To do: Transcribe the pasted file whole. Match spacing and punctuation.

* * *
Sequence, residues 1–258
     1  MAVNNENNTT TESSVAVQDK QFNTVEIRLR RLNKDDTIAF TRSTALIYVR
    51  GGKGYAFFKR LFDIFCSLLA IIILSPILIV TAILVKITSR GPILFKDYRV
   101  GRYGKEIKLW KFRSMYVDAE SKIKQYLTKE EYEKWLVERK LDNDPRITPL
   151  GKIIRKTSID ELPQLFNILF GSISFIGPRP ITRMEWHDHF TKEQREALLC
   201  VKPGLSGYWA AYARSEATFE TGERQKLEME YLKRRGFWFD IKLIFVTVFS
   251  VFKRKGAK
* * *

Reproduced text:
Sequence, residues 1–258
     1  MAVNNENNTT TESSVAVQDK QFNTVEIRLR RLNKDDTIAF TRSTALIYVR
    51  GGKGYAFFKR LFDIFCSLLA IIILSPILIV TAILVKITSR GPILFKDYRV
   101  GRYGKEIKLW KFRSMYVDAE SKIKQYLTKE EYEKWLVERK LDNDPRITPL
   151  GKIIRKTSID ELPQLFNILF GSISFIGPRP ITRMEWHDHF TKEQREALLC
   201  VKPGLSGYWA AYARSEATFE TGERQKLEME YLKRRGFWFD IKLIFVTVFS
   251  VFKRKGAK